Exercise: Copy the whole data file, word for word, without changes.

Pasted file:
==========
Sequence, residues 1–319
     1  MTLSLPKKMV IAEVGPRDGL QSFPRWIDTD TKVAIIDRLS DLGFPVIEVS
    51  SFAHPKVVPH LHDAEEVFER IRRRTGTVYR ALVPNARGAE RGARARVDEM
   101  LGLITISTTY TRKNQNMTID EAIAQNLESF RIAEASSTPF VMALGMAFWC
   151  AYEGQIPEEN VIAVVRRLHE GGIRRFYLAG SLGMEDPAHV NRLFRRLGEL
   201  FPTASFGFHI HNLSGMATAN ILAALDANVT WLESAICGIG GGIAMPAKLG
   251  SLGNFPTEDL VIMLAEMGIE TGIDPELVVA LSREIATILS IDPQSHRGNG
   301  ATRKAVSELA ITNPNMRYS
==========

Sequence, residues 1–319
     1  MTLSLPKKMV IAEVGPRDGL QSFPRWIDTD TKVAIIDRLS DLGFPVIEVS
    51  SFAHPKVVPH LHDAEEVFER IRRRTGTVYR ALVPNARGAE RGARARVDEM
   101  LGLITISTTY TRKNQNMTID EAIAQNLESF RIAEASSTPF VMALGMAFWC
   151  AYEGQIPEEN VIAVVRRLHE GGIRRFYLAG SLGMEDPAHV NRLFRRLGEL
   201  FPTASFGFHI HNLSGMATAN ILAALDANVT WLESAICGIG GGIAMPAKLG
   251  SLGNFPTEDL VIMLAEMGIE TGIDPELVVA LSREIATILS IDPQSHRGNG
   301  ATRKAVSELA ITNPNMRYS